Wednesday, July 18, 2007

14-15Personal Annotation of The Great Fire

Nonfiction book annotation
By: Angela Wilcox

138 pages

Murphy, J. (1995). The great fire. New York: Scholastic.

Author Creditability: Jim Murphy shows acknowledgements at the beginning of The Great Fire to several institutions for helping to put the book together and for helping with the research needed for this book. He also talks about visiting Chicago and doing research there as well as getting inspiration from The Great Conflagration.

Summary: Jim Murphy provides facts of Chicago’s great fire of 1871. He allows some survivors including: a reporter, a newspaper editor, and citizens; including a young girl, reveal their memories of what took place in Chicago that dreadful day. Murphy shows the reader how some things happened during this incidence that might have altered the outcome and how some things happened just out of bad luck. He also reveals some of the gossip that was reported about the fire as well as how the people became separated both physically and by social class during and after the fire. But, in the end the people of Chicago had to rise together to rebuild their city.

Most Important Access Features: This book has several access features that help the reader read this book. There is an introduction at the beginning of the book that provides background information to the reader about Chicago’s great fire of 1871. There is a table of contents, chapter titles—which provide an insight to what the chapter is about, maps that show where the fire was headed, a bibliography and resource page, and an index that has the page numbers of illustrations on the topic in bold.

Description of Illustrations: The illustrations in this book include photos, drawings, and newspaper articles and illustrations from this incidence.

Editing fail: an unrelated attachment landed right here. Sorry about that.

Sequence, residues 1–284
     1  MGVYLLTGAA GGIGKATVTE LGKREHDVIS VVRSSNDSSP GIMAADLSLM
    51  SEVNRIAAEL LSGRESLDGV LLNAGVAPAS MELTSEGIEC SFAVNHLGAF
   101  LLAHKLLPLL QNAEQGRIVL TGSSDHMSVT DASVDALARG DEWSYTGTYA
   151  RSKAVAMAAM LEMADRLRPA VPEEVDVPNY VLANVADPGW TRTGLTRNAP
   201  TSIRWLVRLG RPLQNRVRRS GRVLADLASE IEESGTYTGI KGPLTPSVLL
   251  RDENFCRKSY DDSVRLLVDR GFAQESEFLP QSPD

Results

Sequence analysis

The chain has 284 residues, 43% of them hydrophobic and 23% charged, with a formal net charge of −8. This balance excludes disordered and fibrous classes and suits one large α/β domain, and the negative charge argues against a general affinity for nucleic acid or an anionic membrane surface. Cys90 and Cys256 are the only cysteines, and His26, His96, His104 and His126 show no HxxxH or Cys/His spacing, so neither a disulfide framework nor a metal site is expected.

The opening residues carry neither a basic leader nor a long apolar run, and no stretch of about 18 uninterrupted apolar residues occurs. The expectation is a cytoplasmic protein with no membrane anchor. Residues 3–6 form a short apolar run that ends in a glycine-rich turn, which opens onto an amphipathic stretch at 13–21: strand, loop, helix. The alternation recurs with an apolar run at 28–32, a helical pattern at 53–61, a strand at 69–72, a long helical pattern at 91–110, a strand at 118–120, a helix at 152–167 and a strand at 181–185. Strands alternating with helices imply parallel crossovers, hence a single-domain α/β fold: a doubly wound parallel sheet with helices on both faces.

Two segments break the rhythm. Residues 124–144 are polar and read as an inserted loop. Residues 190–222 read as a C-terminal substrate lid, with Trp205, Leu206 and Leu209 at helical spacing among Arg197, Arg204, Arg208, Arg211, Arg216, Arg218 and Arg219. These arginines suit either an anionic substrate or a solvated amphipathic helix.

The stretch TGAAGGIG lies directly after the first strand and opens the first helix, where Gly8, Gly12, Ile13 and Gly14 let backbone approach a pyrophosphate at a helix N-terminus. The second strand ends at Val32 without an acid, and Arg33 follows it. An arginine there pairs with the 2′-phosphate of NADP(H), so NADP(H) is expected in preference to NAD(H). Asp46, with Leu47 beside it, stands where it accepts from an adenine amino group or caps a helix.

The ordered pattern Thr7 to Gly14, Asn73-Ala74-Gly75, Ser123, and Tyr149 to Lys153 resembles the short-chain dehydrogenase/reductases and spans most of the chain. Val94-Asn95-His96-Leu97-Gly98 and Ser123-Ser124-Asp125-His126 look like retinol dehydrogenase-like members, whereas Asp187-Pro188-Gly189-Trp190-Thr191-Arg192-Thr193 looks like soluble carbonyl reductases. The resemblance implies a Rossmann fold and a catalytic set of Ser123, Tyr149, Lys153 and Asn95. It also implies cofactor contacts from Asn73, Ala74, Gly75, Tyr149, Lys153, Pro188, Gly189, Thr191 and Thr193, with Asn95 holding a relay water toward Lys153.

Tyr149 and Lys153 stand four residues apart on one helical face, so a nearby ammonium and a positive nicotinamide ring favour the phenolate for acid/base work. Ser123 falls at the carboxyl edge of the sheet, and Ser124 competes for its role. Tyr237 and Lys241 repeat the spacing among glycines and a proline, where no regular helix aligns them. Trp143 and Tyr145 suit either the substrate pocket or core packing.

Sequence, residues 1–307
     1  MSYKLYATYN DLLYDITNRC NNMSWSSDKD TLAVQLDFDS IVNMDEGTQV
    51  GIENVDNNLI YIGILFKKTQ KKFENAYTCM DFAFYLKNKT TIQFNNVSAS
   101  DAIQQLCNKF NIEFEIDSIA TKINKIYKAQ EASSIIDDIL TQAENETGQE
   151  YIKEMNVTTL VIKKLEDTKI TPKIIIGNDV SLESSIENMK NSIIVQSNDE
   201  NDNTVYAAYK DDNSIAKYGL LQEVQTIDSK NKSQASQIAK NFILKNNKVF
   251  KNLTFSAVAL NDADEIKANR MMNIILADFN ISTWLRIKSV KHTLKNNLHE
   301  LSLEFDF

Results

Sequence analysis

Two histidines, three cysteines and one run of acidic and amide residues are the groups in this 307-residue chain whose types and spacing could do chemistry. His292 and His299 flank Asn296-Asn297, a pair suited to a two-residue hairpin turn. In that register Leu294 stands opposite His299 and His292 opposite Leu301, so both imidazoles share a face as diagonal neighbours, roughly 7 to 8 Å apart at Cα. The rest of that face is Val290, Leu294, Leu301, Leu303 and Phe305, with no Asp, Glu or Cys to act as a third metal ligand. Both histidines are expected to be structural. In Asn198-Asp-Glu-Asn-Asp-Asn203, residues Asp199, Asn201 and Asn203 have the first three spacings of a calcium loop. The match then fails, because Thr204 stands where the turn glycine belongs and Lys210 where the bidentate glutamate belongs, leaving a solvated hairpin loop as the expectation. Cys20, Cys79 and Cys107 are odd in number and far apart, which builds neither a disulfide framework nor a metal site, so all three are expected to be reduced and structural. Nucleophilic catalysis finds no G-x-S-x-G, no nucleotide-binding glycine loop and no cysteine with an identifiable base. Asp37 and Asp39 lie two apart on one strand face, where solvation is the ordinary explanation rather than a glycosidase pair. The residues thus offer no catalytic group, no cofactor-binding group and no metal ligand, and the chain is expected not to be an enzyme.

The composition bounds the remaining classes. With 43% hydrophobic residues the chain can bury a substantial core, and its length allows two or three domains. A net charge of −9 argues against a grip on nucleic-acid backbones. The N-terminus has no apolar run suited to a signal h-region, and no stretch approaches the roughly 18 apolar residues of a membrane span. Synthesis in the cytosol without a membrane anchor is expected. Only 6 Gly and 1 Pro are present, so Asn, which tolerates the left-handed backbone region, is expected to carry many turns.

Grade Level & Uses: Grades 4 and up; This book could be used to teach about lifestyles in America in the late 1800’s as well as showing how we have progressed over time in building our cities.

Standards: Time, Continuity, and Change; People, Places, and Environments; Individual Development an Identity.
Related Texts & How Related: These books could be used along with The Great Fire to discuss Chicago and this time period.

The Great Chicago Fire by David Lowe
The Great Chicago Fire by Ross Miller
Great Chicago Fire and the Myth of Mrs. O’Leary’s Cow by Richard F. Bales
The Great Chicago Fire (Illinois) by Robert Cromie

The following books are also by Jim Murphy and on some other tragedies of America’s history.
Blizzard: The Storm That Changed America
An American Plague: The True and Terrifying Story of the Yellow Fever Epidemic of 1793

1995 ALA Newbery Honor Book
NCTE Orbis Pictus Award
Boston Globe/Horn Book Honor Book
The Jefferson Cup Award
A SLJ Best Book
A Booklist Editors Choice
A BCCB Blue Ribbon Book
An ALA Notable Book
An ALA Best Book for Young Adults
A PW Best Book

Personal Response to Book: I was not sure that I was going to enjoy or be interested in this book, but I ended up loving it. Murphy did a great job of taking a piece of American history and writing it up in a way that I did not want to put this book down. I plan on reading some more of his books and expanding my knowledge of history. Why can not our history textbooks be this good and interesting?

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